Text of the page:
OT Eye Glasses

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Try the progressives. You can do so at not cost if yo don't like them. Most every optical house offers a 30 to 60 day warranty on them and will take them back at no cost to you.
I was not sure myself, but once I got progressive lenses, I was hooked. Been wearing them for over a dozen years and I'd never go back to regular bi-focals.
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Interesting.
Will think about it.
Thanks!
David
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That's what I did. Reading glasses tend to have a focal length of 12-14 inches - the distance you hold a book from your eyes. If you have a big monitor, you can easily double that focal length. I had my computer glasses done to a 30 inch focal length. Eye doc's machine wouldn't go that far, but I insisted. They work fine.
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What you really need is a good optician. One that understands your needs and can make the proper lenses. Since I'm not an optician, I'm not going to give you exactly what you need, but it does exist. I've been wearing lasses for 55 years or so and I'm very fussy about them.
Most likely, that bifocal lens should be made into a progressive lens. That gives you different strengths at different angles so a minor tilt of the heat gives you perfect vision for the distance at hand. You may want to measure the normal distance from eye to monitor.
Progressive lenses can take a day or three to get used to, but once you do, there is not going back. Consider a no glare coating also. Makes night driving easier and makes using the computer easier when there is other light around.
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Metspitzer wrote:

More "X"s (diopters) = ability to get closer to what you want to see. Since your monitor is further away than printed reading material for which you use +2 diopters, you should have decreased the strength instead of increasing it.
--

dadiOH
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What I do is use bifocals, bottoms for reading distance, tops ground for screen distance. (Distance: over the top)
One trick I use:
For me, it's critical that my left and right eyes go into and out of focus at EXACTLY the same distance.
Now, the optician and her machines/lenses "which is better -- this -- or that" procedure isn't precise enough to do that. Here's how to get it not just right, but PERFECT:
After she's written down you prescription, ask her to put the lenses that add up to that into those test (and heavy) metal eyeglasses, AND to give you a couple of quarter diopter and a half diopter "hold up in front" lenses, and go out into the waiting room.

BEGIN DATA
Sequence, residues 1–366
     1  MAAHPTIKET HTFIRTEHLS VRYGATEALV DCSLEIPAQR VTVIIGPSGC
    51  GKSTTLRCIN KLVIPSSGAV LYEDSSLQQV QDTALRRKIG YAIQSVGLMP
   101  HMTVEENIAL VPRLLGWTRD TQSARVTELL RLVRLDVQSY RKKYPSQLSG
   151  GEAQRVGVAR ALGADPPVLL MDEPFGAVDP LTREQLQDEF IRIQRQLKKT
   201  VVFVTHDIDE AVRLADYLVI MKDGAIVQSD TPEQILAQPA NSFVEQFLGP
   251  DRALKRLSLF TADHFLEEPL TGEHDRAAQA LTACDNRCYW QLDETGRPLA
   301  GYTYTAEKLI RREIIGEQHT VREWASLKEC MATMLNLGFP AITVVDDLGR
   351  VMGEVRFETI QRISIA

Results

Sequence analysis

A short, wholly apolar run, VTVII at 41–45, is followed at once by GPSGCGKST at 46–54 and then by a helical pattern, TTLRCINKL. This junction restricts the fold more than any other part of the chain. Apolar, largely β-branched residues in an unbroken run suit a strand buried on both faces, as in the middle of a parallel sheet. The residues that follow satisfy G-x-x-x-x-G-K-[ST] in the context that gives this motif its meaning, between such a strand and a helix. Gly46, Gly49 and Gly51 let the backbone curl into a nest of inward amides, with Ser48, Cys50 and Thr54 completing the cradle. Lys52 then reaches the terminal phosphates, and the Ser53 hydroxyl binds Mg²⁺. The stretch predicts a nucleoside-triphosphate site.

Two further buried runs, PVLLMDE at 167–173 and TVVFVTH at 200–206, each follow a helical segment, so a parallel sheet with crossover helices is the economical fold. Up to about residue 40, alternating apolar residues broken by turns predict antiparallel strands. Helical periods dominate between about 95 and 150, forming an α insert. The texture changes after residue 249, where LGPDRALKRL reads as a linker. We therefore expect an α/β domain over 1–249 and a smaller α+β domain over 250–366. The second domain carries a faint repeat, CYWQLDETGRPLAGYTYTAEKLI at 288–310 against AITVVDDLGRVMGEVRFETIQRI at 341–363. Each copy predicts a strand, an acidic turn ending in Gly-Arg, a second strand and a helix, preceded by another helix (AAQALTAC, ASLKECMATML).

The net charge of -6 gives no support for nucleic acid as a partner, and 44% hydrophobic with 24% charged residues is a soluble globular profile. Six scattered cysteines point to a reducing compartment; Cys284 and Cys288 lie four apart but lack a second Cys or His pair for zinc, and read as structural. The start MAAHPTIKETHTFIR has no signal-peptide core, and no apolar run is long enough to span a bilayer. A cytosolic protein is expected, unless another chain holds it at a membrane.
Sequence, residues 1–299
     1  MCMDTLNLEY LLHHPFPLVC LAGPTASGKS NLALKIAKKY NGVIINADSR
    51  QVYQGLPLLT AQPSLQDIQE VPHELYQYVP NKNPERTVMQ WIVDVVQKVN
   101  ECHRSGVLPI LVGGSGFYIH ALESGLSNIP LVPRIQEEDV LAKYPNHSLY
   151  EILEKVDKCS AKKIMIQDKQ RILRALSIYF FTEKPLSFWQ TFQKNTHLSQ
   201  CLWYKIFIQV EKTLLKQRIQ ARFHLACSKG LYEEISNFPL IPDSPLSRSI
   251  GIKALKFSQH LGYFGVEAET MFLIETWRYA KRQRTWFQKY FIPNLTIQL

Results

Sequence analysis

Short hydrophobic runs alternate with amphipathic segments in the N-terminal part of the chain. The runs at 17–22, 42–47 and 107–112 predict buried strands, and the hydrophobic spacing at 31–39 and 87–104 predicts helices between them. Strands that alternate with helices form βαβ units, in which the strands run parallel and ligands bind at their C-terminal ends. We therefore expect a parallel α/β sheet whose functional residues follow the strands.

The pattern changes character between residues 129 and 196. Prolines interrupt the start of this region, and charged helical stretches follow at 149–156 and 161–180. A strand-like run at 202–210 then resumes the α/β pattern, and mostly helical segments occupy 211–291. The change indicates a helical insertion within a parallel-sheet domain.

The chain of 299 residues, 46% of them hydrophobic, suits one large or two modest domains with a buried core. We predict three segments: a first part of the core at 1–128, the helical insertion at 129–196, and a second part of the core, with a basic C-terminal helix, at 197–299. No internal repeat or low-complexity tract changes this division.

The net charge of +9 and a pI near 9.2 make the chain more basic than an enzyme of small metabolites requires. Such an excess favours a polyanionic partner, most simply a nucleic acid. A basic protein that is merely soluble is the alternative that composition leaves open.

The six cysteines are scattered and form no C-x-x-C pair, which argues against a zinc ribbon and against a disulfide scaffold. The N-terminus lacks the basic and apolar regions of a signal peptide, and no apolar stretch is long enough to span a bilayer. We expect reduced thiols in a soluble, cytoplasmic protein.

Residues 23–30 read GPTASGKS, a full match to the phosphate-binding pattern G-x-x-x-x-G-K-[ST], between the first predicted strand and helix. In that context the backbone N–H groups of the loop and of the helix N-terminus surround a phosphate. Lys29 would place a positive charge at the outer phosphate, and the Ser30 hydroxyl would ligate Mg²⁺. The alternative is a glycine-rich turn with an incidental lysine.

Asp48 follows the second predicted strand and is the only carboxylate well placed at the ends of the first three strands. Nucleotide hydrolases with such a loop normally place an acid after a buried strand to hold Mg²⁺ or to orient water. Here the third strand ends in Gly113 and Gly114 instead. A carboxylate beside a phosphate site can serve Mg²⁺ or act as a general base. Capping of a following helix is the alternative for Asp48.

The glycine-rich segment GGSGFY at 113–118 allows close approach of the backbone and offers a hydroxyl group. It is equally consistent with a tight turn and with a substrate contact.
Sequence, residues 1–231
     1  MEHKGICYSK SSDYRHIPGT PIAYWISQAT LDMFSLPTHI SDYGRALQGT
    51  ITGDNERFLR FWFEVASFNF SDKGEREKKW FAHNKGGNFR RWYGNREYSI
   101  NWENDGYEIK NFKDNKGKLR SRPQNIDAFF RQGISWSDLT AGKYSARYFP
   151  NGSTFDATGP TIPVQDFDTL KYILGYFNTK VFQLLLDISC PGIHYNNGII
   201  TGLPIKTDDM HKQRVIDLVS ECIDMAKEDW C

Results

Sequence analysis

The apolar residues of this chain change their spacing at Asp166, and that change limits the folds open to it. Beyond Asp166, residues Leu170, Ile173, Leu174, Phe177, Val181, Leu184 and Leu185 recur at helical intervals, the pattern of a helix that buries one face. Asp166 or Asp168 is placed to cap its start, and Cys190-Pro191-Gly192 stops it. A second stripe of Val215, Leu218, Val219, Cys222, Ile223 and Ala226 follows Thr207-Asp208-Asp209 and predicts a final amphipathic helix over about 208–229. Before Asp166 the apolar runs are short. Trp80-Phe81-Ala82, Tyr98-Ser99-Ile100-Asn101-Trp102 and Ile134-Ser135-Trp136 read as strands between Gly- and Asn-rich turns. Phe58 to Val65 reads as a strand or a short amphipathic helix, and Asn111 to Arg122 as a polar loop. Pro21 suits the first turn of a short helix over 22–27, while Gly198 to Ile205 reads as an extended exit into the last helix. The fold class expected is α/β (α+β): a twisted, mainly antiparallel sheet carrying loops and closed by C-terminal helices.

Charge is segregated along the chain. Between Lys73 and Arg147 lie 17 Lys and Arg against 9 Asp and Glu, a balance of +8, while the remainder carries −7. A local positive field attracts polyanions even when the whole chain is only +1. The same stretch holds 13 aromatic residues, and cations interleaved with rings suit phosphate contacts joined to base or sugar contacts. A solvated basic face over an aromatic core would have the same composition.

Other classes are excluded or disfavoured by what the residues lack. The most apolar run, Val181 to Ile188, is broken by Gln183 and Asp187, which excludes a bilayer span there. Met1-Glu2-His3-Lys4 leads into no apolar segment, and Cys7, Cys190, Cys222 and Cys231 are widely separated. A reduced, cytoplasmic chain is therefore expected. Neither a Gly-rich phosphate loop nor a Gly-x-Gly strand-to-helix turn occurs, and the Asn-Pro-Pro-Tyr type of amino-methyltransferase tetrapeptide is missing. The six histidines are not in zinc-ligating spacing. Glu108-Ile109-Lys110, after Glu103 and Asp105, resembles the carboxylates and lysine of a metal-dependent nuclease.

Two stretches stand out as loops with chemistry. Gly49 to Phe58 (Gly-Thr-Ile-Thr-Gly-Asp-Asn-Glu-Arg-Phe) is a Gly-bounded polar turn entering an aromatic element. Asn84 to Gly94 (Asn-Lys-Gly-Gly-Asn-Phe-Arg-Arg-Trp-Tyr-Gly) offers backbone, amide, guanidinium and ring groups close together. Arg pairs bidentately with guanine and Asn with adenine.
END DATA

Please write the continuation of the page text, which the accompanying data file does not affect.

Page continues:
(Of course you've brought your measuring tape with you, and already know the exact distance from your slouched-down in your chair eye-distance to the screen.)
Then get a magazine with fine print, close one eye, looking at the magazine via the other, and bring it in until (with eye relaxed) it goes out of focus -- write down that distance, and extend away until it again goes out of focus, and write that down.
Then do the same with the other eye.
Now, how do he two eyes compare? (that will tell you how good her procedure was) Then start holding the quarter diopter lens up close in front of your test frame, etc, until you get what you want.
Oh, also ask her to give a "minus" (thicker at the edge ie rim than at the center=thin) quarter dioopter, to give you more freedom.
Anyway, when done, both eyes go into and out of focus (relaxed eye!) at the same distance, OR one range is totally WITHIN the other one.
That's about as good as you (or anyone else) is going to get it. Adjust your prescription by adding on the exter lenses diopters (that works for small amount of diopters, because then the sine of the angle (radians) is almost equal to the angle itself. I think that's the assumption behind much of this eye-optics stuff.)
-----
One other scheme I've read about is exactly the opposite. Have her prescribe for one eye at screen distance, and the other at near (or far?) distance, and presto, no bifocals needed. Not for me!
David
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On 7/14/2011 5:20 PM, Metspitzer wrote:

Try a smaller number. I use +2.0 reading glasses for reading, and +1.5 reading glasses for the computer. You may just be going the wrong way.
Bill
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wrote:

I think I will get a pair of 1.5x and 1x. I will have to just try them to see if it will let me see my monitor and keyboard (which is about half the length to the monitor) I don't think I would ever get trifocal. Maybe a set of bifocals for reading/computer. My long vision is off slightly, but I don't really need glasses for far off.
Thanks everyone